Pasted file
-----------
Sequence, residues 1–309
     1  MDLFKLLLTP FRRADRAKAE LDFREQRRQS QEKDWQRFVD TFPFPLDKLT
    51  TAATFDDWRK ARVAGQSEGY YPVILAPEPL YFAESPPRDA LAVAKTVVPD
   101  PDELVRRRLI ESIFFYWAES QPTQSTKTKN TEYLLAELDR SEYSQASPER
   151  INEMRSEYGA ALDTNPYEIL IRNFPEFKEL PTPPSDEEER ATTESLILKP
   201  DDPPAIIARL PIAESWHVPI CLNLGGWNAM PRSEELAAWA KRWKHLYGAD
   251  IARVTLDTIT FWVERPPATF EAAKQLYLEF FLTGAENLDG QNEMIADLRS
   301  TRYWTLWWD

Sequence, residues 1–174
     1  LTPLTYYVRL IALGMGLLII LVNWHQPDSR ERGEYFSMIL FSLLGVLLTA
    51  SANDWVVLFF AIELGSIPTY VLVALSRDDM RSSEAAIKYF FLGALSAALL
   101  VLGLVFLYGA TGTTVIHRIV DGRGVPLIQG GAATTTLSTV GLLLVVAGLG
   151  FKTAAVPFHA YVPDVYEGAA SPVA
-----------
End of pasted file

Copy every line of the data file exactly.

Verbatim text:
Sequence, residues 1–309
     1  MDLFKLLLTP FRRADRAKAE LDFREQRRQS QEKDWQRFVD TFPFPLDKLT
    51  TAATFDDWRK ARVAGQSEGY YPVILAPEPL YFAESPPRDA LAVAKTVVPD
   101  PDELVRRRLI ESIFFYWAES QPTQSTKTKN TEYLLAELDR SEYSQASPER
   151  INEMRSEYGA ALDTNPYEIL IRNFPEFKEL PTPPSDEEER ATTESLILKP
   201  DDPPAIIARL PIAESWHVPI CLNLGGWNAM PRSEELAAWA KRWKHLYGAD
   251  IARVTLDTIT FWVERPPATF EAAKQLYLEF FLTGAENLDG QNEMIADLRS
   301  TRYWTLWWD

Sequence, residues 1–174
     1  LTPLTYYVRL IALGMGLLII LVNWHQPDSR ERGEYFSMIL FSLLGVLLTA
    51  SANDWVVLFF AIELGSIPTY VLVALSRDDM RSSEAAIKYF FLGALSAALL
   101  VLGLVFLYGA TGTTVIHRIV DGRGVPLIQG GAATTTLSTV GLLLVVAGLG
   151  FKTAAVPFHA YVPDVYEGAA SPVA